John Parillo Explains Federalist 58

James Madison: Public Domain

Another objection to the construct of the House of Representatives is that it gives too much power to smaller states. Remember that the representation in the Senate is equal for all states. In the house, four of the original thirteen states would have more representatives, by virtue of their denser populations, than the rest combined. This is not a new issue in our republic. Our founders were discussing it before the Constitution was ratified.

Madison answers this charge in several ways. The first is that the various states, like the proposed federal government, allow for the increase in representatives when populations change. The census is specified to be conducted every ten years precisely to ensure that this allocation is done properly. Additionally, the power to legislate is divided in such a way that all states have equal representation in the Senate where any bill to change proportional representation in favor of smaller states would presumably be killed by the larger less populated states.

And remember that while the house is chosen by direct election, the senate was chosen by the state legislatures and would, presumably, have the best interest of the individual states in mind. Madison reiterates that it is the house alone that “can propose, the supplies requisite for the support of government.”[1] And further that this power of the purse is “the most complete and effectual weapon with which any constitution can arm the immediate representatives of the people, for obtaining a redress of every grievance, and for carrying into effect every just and salutary measure.”

In a seemingly unrelated passage, Madison points out that “in all cases the smaller the number, and the more permanent and conspicuous the station, of men in power, the stronger must be the interest which they will individually feel in whatever concerns the government.” That is because small groups of powerful and permanent people will naturally tend to have their own interests in mind rather than those of the country. In yet another passage that he could have written after watching any recent legislative session, Madison points out “that in all legislative assemblies the greater the number composing them may be, the fewer will be the men who will in fact direct their proceedings.” And that greater numbers of people ensures the “ascendency of passion over reason.” Further, in another argument against a large legislative body, the “larger the number, the greater will be the proportion of members of limited information and of weak capacities.”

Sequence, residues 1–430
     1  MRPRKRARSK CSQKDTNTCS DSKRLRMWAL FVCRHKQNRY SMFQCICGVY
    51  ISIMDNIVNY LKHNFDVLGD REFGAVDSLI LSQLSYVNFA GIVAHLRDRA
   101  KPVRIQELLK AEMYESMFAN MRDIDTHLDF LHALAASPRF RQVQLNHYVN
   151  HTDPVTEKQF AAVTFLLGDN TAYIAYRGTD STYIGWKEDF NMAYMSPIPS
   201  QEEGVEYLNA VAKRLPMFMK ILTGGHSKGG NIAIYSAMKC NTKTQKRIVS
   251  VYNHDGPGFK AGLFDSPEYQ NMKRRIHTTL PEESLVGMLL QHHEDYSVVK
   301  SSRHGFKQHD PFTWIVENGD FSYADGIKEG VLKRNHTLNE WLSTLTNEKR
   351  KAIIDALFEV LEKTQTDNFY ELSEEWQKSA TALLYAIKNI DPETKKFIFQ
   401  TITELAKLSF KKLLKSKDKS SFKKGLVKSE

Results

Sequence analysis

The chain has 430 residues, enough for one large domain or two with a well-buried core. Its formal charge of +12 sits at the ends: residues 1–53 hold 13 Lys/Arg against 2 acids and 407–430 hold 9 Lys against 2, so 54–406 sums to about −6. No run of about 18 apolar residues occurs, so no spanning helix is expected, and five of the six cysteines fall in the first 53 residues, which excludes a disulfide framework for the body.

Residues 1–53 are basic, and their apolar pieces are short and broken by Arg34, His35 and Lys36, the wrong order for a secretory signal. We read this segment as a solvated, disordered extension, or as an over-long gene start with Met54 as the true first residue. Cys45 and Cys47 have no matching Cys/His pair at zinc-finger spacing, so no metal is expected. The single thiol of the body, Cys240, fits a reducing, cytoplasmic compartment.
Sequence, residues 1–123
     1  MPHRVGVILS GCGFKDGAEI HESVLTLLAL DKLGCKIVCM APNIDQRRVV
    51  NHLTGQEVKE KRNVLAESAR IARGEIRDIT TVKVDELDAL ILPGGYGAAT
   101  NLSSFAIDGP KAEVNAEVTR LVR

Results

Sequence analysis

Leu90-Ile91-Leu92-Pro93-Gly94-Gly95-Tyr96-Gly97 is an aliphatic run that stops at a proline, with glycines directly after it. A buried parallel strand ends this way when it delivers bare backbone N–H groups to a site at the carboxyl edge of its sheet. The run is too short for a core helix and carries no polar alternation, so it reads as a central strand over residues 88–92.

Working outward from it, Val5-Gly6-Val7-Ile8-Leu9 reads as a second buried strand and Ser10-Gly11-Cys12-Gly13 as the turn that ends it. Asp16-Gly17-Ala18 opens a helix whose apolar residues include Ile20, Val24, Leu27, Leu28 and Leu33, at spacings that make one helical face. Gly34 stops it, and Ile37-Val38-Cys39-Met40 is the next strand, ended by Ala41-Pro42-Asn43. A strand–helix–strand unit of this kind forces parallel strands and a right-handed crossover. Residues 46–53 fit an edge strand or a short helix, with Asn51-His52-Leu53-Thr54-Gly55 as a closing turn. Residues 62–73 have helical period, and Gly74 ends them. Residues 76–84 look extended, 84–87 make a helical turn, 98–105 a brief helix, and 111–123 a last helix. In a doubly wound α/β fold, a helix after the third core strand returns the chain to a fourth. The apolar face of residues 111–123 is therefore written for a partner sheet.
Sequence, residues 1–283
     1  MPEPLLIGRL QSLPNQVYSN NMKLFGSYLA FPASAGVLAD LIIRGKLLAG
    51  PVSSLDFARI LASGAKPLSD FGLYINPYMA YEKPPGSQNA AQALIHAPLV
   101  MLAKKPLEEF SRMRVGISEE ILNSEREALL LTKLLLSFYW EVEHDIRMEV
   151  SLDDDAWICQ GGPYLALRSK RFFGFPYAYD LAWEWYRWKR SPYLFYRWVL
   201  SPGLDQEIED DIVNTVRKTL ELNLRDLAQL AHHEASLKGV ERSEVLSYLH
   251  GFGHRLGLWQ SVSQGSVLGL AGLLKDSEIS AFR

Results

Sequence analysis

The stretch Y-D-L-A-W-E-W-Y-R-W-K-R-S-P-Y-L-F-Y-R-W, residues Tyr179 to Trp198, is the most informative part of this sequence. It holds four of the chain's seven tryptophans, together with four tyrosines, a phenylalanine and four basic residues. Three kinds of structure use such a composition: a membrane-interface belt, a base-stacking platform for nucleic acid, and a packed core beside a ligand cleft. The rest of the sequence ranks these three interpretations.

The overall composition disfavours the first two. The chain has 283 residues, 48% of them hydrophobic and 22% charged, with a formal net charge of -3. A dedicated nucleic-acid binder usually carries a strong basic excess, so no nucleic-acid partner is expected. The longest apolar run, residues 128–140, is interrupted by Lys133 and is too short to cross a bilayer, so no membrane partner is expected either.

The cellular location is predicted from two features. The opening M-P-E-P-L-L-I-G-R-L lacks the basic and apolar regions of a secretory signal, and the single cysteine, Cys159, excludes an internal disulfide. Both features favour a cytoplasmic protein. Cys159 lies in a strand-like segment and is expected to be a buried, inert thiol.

As dangerous as a government of the few may be, a government of large groups can be equally dangerous. “The countenance of the government may become more democratic, but the soul that animates it will be more oligarchic. The machine will be enlarged, but the fewer, and often the more secret, will be the springs by which its motions are directed.”


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1 thought on “John Parillo Explains Federalist 58”

  1. Independent of size of the legislative body, I think the spine that keeps the legislative body from going outside its bounds is more important than the size, don’t you? The spine being the fixed rules that the leadership of a group always has, as it’s play pen. A lot has been played with, lately, concerning rules, and the threat of changing the rules to accommodate the tyrant has been the greatest I have ever seen it, in my lifetime, which tells me the rules are now for pikers. Something that needs to be stamped in the foreheads of those who wish to further corrupt our congress.

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